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UK’s Johnson denies lying over lockdown parties as showdown looms

Former UK prime minister Boris Johnson says he did not "intentionally" mislead parliament
Former UK prime minister Boris Johnson says he did not "intentionally" mislead parliament - Copyright AFP/File YASUYOSHI CHIBA
Former UK prime minister Boris Johnson says he did not "intentionally" mislead parliament - Copyright AFP/File YASUYOSHI CHIBA

Britain’s former prime minister Boris Johnson said Tuesday he inadvertently misled parliament over the “Partygate” scandal but blamed top aides, ahead of a televised grilling that could determine his political fate.

Johnson released a 52-page dossier detailing why he denied breaking the rules over two years of Covid lockdowns, when his staff were often partying in 10 Downing Street. 

He was fined himself by police for one gathering, along with his then finance minister and current prime minister Rishi Sunak.

The former Conservative leader apologised and corrected the parliamentary record last May after previously insisting to MPs that the gatherings were above board.

Johnson refused to quit at the time but did so in July, after a ministerial rebellion over a separate ethics scandal, and the stakes are high as his supporters agitate now for his return to power.

“I did not intentionally or recklessly mislead the House on 1 December 2021, 8 December 2021, or on any other date,” he wrote in the submission, which was reportedly drafted by one of London’s most expensive lawyers. 

“I would never have dreamed of doing so.” 

The cross-party privileges committee of MPs is investigating whether he lied in his previous denials, prior to May, and is due to interrogate Johnson for up to four hours on Wednesday.

A guilty verdict could lead to his suspension from the House of Commons. If the suspension is more than 10 sitting days, it could trigger a special election for his west London seat, if enough voters demand one.

Johnson said his apology and correction in May came at the earliest opportunity — after London police and senior civil servant Sue Gray had concluded their own investigations.

He conceded that the Commons was “misled” when he previously stated that all the Covid rules and guidance had been respected.

“But when the statements were made, they were made in good faith and on the basis of what I honestly knew and believed at the time,” he argued, blaming senior advisors who had assured him that no rules were broken.

– ‘Sickening’ –

However, the campaign group Covid-19 Bereaved Families for Justice UK said it was “obvious” that Johnson had lied to parliament and should resign as an MP.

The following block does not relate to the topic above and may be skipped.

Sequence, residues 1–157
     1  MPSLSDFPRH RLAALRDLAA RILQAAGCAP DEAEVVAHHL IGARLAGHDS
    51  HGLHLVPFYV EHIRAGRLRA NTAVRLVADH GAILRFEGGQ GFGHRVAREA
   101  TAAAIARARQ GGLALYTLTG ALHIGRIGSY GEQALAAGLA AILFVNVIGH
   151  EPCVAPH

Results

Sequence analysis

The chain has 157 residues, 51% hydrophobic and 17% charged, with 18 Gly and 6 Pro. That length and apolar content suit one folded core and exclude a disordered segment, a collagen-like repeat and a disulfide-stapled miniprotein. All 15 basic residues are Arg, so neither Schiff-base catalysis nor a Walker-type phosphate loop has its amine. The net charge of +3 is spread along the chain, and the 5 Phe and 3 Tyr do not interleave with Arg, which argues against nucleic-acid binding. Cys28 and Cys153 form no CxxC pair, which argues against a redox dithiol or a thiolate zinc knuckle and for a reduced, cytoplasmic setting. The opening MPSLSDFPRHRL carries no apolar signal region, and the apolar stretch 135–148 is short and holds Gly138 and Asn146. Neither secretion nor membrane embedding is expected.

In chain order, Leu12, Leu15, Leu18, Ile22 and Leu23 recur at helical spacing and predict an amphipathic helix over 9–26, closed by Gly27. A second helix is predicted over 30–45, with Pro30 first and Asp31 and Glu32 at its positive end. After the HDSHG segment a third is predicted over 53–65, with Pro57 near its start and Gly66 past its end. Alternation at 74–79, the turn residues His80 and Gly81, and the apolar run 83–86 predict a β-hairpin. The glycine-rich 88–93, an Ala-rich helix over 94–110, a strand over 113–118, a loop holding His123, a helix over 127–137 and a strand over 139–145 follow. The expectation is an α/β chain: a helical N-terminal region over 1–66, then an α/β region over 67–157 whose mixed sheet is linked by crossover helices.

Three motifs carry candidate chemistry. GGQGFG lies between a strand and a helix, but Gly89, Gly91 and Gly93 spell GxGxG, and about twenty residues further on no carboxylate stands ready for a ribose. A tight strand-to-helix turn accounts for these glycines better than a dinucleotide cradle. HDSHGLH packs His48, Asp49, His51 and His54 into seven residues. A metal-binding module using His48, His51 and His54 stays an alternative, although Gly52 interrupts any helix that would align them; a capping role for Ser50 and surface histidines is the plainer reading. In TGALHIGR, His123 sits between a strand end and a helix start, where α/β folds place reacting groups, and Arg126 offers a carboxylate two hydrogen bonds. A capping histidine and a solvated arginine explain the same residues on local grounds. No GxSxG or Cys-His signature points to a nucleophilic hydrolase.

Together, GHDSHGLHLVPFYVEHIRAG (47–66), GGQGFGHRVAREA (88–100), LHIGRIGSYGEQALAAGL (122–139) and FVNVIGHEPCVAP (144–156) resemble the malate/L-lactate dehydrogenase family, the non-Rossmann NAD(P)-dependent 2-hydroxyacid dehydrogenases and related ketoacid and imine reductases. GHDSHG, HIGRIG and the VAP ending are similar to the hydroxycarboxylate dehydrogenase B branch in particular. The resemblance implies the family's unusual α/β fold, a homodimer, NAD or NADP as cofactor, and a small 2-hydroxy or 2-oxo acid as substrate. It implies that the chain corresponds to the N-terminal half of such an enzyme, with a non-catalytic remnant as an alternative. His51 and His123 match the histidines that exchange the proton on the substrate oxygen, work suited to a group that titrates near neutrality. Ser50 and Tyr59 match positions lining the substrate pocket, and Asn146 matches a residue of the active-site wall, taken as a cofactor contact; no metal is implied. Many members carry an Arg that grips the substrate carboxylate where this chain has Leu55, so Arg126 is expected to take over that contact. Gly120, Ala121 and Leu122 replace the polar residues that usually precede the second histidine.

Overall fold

“Far worse though is the lies he deliberately told to bereaved families, after failing to protect our loved ones. His claim that he did so in ‘good faith’ is sickening,” it said.

The successive waves of Covid from 2020 claimed the lives of more than 220,000 people in Britain, the second worst toll in Europe behind Russia’s. 

A separate, public inquiry is looking into the government’s overall response, and is likely to take years. 

So probes such as the privileges committee’s offer a more immediate snapshot into that painful period.

Despite having a Conservative majority, the committee has been accused by Johnson loyalists of pursuing a “witch hunt”, and his dossier accused its members of being partisan and straying beyond their remit.

The committee retorted that it “remains confident in the fairness of its processes”. 

“Mr Johnson’s written submission contains no new documentary evidence,” it added in a statement.

This month, the MPs found in an interim report that Johnson should have known the rules were being flouted. They released previously unseen photographs of the then prime minister toasting staff with wine at several gatherings.

They also published WhatsApp messages showing senior aides struggling to come up with a public justification for the parties.

Johnson attempted a dramatic comeback in October. Loyalists, accusing Sunak of betrayal, say the former leader would revive the beleaguered Conservatives if he returns. 

But that is disputed by pollsters.

“He is a serious negative for most people,” Conservative lord and elections expert Robert Hayward told reporters.

“Boris’s polling is far worse than is the case for Rishi,” he said.

Written By

With 2,400 staff representing 100 different nationalities, AFP covers the world as a leading global news agency. AFP provides fast, comprehensive and verified coverage of the issues affecting our daily lives.

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